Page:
The other path — the one less often chosen — involves a different state of awareness. Although we may still say to ourselves, “No more!”, this statement often followed by, “I cannot continue getting myself into these situations.” Rather than wanting to separate from the apparent cause of our suffering, we assume a greater degree of responsibility for the deeper, less obvious factors that may underlie our situation.

Finding Order in Chaos

When we begin to move through Stage Four, we do not need to know that we are becoming empowered. If we say, “I have to change but I don’t know what to do,” we can be assured that the time to change has not yet arrived. When changes are necessary, our internal wisdom will tell us exactly what we need. Change becomes effortless at the appropriate stage of our healing.

This is the stage in which, for example, people no longer want discomfort in a relationship or the insecurity of a financial disturbance. As a result, many will produce new patterns in an attempt to control the chaos. “Easy” ways out include finding a new partner, avoiding relationships altogether, changing jobs, or relocating. Others will seek therapeutic intervention or financial counselling to regain control in their lives.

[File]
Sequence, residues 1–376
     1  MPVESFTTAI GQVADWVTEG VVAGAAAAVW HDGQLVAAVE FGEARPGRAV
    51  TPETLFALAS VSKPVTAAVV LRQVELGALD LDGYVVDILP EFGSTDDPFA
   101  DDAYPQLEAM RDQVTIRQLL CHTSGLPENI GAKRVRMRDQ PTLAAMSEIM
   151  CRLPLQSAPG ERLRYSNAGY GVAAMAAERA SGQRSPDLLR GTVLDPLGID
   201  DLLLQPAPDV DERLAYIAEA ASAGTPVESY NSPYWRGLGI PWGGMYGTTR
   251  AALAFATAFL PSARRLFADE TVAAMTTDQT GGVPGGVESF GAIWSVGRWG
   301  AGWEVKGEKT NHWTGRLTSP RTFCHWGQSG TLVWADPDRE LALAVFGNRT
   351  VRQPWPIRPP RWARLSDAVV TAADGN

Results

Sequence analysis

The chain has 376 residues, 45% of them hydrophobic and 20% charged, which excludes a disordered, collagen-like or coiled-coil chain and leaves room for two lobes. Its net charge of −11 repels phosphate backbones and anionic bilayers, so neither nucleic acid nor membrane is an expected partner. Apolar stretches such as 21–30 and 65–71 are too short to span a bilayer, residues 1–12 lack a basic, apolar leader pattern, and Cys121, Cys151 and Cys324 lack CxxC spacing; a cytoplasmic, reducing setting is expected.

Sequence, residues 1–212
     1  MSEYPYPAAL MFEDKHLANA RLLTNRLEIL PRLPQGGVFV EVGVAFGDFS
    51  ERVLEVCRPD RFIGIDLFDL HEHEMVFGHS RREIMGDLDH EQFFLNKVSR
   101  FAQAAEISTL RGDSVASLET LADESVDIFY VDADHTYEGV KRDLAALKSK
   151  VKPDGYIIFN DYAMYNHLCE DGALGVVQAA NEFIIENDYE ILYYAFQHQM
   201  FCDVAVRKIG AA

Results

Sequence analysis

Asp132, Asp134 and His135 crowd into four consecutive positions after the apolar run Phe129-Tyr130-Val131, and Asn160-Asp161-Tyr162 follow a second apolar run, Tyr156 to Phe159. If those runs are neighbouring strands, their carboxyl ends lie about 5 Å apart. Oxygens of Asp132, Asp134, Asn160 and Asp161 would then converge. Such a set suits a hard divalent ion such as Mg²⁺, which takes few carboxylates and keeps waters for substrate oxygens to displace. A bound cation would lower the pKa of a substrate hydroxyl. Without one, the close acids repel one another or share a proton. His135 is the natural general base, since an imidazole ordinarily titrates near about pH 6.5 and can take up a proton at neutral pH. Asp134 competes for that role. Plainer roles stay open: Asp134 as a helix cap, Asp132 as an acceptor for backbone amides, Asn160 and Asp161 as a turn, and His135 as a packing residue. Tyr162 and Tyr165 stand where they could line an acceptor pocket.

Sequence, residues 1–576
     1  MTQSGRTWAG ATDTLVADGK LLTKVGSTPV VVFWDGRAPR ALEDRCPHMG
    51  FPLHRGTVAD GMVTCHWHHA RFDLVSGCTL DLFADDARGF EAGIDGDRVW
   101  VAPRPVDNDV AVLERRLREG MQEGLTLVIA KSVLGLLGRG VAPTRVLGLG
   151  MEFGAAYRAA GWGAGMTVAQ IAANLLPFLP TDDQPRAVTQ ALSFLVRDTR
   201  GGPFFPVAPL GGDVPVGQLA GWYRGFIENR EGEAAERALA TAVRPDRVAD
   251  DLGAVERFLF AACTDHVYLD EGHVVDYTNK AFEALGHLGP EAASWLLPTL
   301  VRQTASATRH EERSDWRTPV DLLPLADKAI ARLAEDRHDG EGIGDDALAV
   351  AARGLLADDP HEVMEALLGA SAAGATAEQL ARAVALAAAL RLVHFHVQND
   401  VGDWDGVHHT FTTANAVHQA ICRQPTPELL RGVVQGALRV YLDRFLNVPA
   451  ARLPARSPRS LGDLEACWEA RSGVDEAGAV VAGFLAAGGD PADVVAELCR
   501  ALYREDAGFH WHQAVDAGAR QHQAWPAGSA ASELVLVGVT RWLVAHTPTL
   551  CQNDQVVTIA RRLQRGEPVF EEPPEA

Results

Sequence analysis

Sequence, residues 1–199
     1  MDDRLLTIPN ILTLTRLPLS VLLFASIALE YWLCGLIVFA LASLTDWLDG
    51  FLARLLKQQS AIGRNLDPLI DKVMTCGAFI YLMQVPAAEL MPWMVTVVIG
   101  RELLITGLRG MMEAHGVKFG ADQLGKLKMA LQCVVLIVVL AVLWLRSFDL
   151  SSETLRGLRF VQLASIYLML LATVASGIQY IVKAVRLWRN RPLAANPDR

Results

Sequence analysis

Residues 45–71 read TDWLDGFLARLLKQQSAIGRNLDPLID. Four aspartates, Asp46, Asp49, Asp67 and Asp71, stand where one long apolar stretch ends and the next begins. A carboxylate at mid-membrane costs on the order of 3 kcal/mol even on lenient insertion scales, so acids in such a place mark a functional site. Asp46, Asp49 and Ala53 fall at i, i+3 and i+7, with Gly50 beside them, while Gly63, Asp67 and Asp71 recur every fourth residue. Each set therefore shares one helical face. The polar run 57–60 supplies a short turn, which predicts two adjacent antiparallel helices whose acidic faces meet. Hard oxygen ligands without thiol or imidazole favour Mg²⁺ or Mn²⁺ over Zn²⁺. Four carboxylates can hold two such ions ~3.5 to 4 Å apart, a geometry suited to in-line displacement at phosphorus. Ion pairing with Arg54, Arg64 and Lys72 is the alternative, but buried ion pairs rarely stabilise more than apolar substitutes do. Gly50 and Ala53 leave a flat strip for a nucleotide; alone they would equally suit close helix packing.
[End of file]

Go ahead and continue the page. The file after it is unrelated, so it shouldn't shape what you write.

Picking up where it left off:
If these efforts are reactions to the “I’m mad as hell and I’m not going to take this anymore” mindset, then they often produce more chaos than they were intended to control. However, the same decisions made later in Stage Four take on a totally different meaning when these decisions are actions born from a commitment to wholeness.The lesson that is contained in this stage of healing — honoring one’s existence — involves a constant enfolding and unfolding between chaos and order. Rather than repressing the chaos in our lives, we need to experience its energy, learn what it may have to teach us, and discover the underlying order behind its appearance. Since chaos governs our nervous system, our ability to create order out of chaos is a sign of growth and development.